When then-Macquarie Bank managing director Tony Berg left the Millionaire’s Factory in 1994 to become CEO of one of his bank’s key clients, building products company Boral, an enduring relationship was cemented for the longer term.
Berg’s time at Boral wasn’t marked by great success, but his term finished in 2000 with the Macquarie-advised demerger of Origin Energy, which went on to be a market star before crashing back to Earth in recent years.
Over the past 20-plus years, one consistent theme at both Boral and Origin Energy has been Macquarie enjoying lucrative corporate advisory gigs.
The total fees paid to Macquarie by Boral and Origin, measured in today’s dollars, would now be approaching $500 million, and the latest gig advising Boral on this week’s $3.69 billion cash splash on US building products firm Headwaters is a particularly good earner.
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It might be great for Macquarie, but Boral shareholders are shelling out $175 million in transaction costs, which are a very steep 5% of the $3.52 billion enterprise value of the Headwaters business. This is value that will never be recouped, and already shareholder Perpetual is calling for these fees to be returned given the value destroyed so far.
On top of that there is an excessive US$75 million break fee if US regulators block the deal, and if Boral tried to pull out of the deal, particularly if there was a revolt against the board by shareholders for paying too much, there would be open-ended damages to be paid through the US courts.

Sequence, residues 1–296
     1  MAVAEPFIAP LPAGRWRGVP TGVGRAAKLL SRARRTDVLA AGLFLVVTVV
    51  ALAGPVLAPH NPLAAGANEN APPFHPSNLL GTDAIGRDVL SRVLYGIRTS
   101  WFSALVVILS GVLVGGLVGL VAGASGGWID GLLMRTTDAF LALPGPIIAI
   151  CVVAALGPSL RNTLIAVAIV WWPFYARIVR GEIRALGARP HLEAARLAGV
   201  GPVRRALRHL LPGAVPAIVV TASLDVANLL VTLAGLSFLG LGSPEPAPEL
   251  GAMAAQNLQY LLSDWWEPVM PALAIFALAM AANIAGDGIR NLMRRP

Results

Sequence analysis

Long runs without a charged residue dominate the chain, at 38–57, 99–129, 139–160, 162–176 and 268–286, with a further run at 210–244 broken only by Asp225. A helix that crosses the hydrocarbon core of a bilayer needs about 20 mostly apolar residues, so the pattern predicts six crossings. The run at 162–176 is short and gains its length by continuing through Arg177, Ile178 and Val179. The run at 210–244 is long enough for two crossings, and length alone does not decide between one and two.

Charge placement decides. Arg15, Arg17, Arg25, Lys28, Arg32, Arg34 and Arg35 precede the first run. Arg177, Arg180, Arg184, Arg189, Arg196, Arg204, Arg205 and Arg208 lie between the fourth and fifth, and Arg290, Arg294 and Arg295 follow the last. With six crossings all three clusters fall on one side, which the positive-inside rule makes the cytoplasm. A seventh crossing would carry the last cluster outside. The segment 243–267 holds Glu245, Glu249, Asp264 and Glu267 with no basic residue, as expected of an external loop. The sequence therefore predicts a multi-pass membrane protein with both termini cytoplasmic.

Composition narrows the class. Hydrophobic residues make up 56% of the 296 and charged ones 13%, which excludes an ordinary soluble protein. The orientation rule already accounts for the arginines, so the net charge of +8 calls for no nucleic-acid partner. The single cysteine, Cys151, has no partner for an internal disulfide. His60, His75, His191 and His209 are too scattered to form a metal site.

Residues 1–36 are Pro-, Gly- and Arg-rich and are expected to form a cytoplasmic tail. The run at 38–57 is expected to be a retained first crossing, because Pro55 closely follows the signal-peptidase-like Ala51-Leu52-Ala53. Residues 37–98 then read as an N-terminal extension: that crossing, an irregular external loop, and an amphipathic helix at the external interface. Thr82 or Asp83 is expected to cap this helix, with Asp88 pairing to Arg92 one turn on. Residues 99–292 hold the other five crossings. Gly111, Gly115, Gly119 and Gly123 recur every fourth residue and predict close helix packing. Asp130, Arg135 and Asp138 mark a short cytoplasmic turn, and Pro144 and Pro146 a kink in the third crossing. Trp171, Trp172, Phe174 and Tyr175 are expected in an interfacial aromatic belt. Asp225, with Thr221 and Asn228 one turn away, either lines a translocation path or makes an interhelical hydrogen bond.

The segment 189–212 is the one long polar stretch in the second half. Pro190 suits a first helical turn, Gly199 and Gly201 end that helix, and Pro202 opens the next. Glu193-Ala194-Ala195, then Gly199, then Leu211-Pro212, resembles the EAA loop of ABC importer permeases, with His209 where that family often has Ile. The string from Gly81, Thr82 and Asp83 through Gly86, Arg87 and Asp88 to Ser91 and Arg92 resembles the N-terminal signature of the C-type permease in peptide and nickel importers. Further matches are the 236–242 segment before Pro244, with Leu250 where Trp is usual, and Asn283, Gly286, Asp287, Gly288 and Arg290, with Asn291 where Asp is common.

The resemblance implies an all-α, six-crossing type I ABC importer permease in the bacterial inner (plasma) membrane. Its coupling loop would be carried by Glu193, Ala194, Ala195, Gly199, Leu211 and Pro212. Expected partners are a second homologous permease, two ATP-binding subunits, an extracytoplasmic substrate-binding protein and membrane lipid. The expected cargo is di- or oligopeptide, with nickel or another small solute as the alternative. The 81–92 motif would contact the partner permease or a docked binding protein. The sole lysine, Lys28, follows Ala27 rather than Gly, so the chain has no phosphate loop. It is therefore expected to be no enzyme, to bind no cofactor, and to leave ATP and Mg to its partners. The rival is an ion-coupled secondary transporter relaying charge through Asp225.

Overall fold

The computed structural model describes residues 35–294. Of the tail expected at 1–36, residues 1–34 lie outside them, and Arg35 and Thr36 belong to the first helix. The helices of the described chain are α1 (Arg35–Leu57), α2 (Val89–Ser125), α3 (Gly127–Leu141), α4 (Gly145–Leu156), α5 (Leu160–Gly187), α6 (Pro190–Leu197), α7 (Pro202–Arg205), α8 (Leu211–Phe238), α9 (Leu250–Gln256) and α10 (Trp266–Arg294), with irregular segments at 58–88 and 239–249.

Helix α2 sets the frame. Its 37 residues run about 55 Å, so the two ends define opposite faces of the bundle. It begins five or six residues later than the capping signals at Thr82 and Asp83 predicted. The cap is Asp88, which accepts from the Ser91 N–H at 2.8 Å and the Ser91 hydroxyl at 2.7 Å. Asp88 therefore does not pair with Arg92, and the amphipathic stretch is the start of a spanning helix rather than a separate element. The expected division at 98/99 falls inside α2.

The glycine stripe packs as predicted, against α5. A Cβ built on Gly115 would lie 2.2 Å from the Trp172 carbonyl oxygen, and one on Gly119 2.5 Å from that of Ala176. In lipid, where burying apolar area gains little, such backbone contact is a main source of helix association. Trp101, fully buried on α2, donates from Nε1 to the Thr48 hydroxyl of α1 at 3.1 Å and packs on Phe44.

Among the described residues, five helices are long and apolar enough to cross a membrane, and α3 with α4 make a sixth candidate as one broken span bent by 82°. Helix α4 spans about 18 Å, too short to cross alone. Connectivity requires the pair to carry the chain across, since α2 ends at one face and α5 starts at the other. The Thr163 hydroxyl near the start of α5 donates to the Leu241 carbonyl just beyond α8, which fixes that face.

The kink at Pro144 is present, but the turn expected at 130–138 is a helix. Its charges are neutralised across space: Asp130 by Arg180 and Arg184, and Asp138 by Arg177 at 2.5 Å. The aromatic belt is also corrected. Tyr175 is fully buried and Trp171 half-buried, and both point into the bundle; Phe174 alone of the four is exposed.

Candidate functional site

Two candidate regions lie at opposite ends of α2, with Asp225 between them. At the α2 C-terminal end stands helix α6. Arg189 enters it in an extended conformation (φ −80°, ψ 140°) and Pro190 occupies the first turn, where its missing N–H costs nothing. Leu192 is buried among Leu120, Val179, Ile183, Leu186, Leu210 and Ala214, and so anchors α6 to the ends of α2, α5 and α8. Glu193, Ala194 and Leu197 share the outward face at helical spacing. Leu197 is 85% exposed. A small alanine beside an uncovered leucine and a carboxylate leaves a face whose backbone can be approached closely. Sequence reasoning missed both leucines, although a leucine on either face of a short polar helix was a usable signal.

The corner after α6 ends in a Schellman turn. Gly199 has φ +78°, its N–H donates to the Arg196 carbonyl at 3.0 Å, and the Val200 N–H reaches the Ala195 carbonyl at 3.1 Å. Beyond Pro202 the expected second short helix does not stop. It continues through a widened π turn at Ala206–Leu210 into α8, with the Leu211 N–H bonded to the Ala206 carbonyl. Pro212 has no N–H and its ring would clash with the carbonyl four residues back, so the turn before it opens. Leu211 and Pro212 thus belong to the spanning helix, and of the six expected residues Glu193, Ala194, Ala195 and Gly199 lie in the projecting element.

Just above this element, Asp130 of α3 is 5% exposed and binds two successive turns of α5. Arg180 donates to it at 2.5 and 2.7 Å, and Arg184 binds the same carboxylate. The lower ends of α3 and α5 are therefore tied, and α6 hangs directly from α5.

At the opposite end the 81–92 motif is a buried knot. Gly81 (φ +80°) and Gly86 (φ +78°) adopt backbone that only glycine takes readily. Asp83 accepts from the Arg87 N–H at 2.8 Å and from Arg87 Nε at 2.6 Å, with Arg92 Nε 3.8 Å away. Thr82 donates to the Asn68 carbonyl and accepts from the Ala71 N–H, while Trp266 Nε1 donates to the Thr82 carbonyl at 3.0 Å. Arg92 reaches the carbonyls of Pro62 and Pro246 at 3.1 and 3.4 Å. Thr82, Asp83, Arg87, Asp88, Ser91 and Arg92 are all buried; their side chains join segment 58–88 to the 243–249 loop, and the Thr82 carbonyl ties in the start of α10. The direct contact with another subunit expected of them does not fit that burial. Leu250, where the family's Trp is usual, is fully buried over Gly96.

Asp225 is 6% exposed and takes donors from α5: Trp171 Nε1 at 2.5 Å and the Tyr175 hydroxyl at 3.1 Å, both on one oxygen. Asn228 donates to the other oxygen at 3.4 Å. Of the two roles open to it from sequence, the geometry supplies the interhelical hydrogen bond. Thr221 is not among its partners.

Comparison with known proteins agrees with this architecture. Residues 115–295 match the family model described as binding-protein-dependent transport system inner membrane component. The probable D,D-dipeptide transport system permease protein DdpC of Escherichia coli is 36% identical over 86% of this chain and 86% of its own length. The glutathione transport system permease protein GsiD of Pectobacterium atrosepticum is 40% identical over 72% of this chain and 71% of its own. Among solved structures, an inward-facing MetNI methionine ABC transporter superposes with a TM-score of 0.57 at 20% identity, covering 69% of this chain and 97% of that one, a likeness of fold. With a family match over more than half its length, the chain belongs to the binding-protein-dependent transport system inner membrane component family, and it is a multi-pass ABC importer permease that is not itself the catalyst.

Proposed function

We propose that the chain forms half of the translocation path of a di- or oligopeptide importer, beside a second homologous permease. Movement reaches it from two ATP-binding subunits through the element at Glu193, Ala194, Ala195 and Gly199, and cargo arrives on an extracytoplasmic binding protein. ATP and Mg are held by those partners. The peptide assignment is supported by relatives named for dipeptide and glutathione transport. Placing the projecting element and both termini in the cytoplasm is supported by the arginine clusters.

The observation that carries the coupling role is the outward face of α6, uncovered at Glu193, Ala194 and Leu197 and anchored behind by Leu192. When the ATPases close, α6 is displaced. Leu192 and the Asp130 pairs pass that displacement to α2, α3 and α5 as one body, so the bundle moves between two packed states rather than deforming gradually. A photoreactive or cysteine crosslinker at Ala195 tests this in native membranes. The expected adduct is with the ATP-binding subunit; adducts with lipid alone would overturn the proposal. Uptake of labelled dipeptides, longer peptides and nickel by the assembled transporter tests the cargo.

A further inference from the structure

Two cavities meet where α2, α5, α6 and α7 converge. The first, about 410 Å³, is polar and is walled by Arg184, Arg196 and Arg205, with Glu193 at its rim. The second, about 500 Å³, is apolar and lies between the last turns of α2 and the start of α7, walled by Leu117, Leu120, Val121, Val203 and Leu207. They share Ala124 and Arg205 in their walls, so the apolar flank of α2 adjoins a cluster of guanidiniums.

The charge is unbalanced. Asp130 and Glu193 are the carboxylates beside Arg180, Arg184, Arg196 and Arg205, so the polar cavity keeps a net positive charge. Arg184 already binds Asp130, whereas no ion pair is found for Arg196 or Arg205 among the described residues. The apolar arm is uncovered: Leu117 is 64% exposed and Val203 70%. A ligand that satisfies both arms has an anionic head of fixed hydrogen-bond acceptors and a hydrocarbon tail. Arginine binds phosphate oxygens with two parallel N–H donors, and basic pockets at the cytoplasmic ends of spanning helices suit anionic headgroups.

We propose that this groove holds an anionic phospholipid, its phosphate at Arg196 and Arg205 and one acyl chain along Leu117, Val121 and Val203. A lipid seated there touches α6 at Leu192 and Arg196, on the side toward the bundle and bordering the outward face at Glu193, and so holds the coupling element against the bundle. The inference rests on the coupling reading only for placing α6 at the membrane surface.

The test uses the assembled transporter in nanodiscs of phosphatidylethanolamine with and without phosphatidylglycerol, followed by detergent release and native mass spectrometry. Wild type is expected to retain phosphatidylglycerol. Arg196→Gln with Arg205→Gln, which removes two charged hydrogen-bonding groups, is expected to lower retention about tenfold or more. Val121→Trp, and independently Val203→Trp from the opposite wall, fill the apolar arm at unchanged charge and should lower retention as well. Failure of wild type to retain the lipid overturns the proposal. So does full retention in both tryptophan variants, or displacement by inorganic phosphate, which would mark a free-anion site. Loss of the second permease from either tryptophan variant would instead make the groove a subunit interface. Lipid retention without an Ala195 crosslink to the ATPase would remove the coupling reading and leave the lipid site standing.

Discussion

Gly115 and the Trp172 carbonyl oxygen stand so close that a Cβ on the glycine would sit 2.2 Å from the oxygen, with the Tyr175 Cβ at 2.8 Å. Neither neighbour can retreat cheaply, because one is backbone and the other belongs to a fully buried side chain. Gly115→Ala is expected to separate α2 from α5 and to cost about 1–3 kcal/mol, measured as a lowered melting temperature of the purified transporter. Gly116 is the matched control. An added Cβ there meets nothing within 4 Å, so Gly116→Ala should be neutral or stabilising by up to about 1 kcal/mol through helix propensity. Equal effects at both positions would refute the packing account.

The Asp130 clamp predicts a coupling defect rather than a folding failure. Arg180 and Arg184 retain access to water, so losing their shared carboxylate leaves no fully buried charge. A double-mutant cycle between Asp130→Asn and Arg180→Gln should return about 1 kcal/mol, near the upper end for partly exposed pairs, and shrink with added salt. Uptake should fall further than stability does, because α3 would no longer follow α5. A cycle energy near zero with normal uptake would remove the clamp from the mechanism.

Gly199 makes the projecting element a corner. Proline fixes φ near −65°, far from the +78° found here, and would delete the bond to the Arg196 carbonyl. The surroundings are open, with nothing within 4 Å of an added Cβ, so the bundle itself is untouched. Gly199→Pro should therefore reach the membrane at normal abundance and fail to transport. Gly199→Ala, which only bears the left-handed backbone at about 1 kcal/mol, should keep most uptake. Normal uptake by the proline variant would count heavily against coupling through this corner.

The three under-writers of the capital raising — Macquarie, Citi and Morgan Stanley — are being paid fees worth 1.75% of the $2.05 billion being raised, yet they only took risk for a couple of days on the $1.567 billion institutional component, which wrapped up on Wednesday night.
Macquarie doesn’t have a great record when it comes to advising clients to look after retail shareholders in capital raisings, and the latest effort by Boral is no exception.
Boral shares closed at $6.15 last Friday but finished at $4.99 yesterday after completing the institutional raising at $4.80 per share. The 50,000 retail shareholders are now being asked to stump up $483 million over the next three weeks. For the Headwaters deal to be neutral on value, the stock needed to come back on at $5.66. Each 1c drop below that represents $12 million of lost value, so at last night’s close of $4.99, the market is saying Boral has smoked $800 million in value. “Heart breaker, not Headwaters” is the joke currently going around the market.
It’s still early days, but many Australian companies have destroyed shareholder funds with overpriced acquisitions, and the board has taken a huge bite, committing $3.69 billion to an all cash offshore acquisition when Boral was only capitalised at $4.6 billion last week.
Boral used the PAITREO capital raising structure for its $1.6 billion entitlement offer, emulating the likes of JB Hi Fi, Santos, AGL, Origin, NAB, CBA and Westpac in recent major capital raisings.